All of us have heard about Saturn’s rings, which are the biggest of them in the solar system, and which can be observed easily using a telescope from the Earth. Even so, in 2012 the first planet out the solar system with rings was discovered: J1407b.
This planet, discovered in 2012, is situated in our galaxy, the Milky Way, and at a distance of 133 light years. Its star belongs to Centaur constellation. It is calculated that this planet weights much more than Jupiter. The scientific team that discovered it, calculated that, J1407b weights, approximately, between 10 and 40 Jupiter masses, which is a very big error margin.
The rings of the planet J1407b are the biggest of them known in our days. They are greater in size and weight than Saturn’s rings, as they are 200 times bigger than them.
The data analyse about these so big rings (leaded by Mateo Kenworthy), shows that this ring system is composed by a minimum of 30 big, or principal, rings, that at the same time group together an enormous quantity of them which are much smaller. This phenomenon takes also place in the case of Saturn’s rings. In effect, in Saturn we can observe 4 principal rings, but in reality he owns between 500 or 1000 rings.
The ring system of J1407b start at a distance of 30 million kilometres from the planet, and they extend in a surface of about 90 millions of kilometres, which makes that, as I said, they are 200 times bigger than Saturn’s rings. In comparison, Saturn’s rings have a diameter of 400 000 kilometres.
Another typical characteristic from the Saturn rings system, is that there are spaces, or empty holes, between the different rings. Moving this characteristic to the planet J1407b, it can mean that this planet has satellites, as these empty spaces between the different rings are normally due to the presence of satellites that orbit around the planet, which cause this type of holes between the rings.
According to the scientists that have studied the planet, the composition of the rings of J1407b wouldn’t be the same that that from Saturn’s rings. It seems that J1407b’s rings would be formed by dust. This has an explanation: J1407b is a so hot planet (between 100 and 200 Celsius degrees), that they think that it isn’t possible that the rings could be formed by ice or frozen rocks, the opposite to the composition of Saturn’s rings, which is mainly formed by ice.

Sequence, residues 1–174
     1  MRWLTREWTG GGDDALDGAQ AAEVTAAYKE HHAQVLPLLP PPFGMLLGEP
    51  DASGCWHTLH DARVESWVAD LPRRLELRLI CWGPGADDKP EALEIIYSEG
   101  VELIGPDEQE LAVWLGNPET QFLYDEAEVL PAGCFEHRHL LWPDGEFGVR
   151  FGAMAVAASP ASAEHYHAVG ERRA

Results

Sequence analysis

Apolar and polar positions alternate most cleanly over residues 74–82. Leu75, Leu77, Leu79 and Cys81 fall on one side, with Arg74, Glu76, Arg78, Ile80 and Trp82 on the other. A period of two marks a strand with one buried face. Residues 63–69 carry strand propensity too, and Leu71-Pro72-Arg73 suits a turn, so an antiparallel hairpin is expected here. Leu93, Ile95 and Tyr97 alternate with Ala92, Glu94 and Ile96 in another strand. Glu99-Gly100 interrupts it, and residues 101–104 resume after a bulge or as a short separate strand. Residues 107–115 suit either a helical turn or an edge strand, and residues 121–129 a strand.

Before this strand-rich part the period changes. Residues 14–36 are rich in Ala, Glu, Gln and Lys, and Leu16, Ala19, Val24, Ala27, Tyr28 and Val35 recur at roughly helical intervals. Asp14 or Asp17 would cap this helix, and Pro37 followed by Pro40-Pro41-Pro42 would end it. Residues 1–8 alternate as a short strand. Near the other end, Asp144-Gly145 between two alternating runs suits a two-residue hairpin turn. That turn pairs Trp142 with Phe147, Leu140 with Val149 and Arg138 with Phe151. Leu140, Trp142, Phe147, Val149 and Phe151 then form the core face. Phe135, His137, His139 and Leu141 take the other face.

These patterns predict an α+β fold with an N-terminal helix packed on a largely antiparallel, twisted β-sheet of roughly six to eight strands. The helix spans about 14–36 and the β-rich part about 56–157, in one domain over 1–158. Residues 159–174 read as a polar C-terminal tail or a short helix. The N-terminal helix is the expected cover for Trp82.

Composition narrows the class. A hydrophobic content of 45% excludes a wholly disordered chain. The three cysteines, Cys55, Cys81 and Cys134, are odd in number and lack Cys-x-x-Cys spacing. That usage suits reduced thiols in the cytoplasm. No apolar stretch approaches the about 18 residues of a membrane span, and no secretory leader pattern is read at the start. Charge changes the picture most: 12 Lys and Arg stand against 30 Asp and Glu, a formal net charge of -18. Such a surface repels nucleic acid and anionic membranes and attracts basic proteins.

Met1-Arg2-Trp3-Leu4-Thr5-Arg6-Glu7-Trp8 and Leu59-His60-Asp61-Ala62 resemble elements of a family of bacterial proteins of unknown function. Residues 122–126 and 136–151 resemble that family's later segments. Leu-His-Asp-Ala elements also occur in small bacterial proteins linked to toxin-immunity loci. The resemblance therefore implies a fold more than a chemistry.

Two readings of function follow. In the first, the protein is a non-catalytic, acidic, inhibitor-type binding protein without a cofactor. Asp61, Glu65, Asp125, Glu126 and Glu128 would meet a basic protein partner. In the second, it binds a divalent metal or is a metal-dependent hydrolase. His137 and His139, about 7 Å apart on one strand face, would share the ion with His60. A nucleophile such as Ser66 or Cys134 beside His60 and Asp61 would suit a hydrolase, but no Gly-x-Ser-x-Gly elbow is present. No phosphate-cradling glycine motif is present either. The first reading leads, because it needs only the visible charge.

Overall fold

How it would be seen in the solar system
The planets from the solar system are sometimes visible at first sight, but nevertheless it can be difficult to identify them and they can be confused with other stars. However, the scientists say that if we could replace Saturn’s rings for those from J1407b, in theory they would be very easily visible during the night., as they affirm that they would be some times bigger than the full moon. They also affirm that the empty spaces between every ring due to their big dimensions.
The team of this investigation found out this planet along with its rings when they eclipsed to their star. Normally, to discover exoplanets, which are planets further away from the solar system, the brightness of the star is studied. For consequent, when a planet goes through the star and the Earth, the brightness descends a little bit, which permits to identify a possible planet.
In the case of J1407b, the scientists observed, halfway through 2007, an unusual brightness that stayed there for two months, during which the curve of its light started to twinkle continuously. After that, the team that observed the star arrived to a final conclusion: the single solution to this problem was that an enormous spaced ring system was turning around a planet. In 2015 it was discovered that it was the planet J1407b.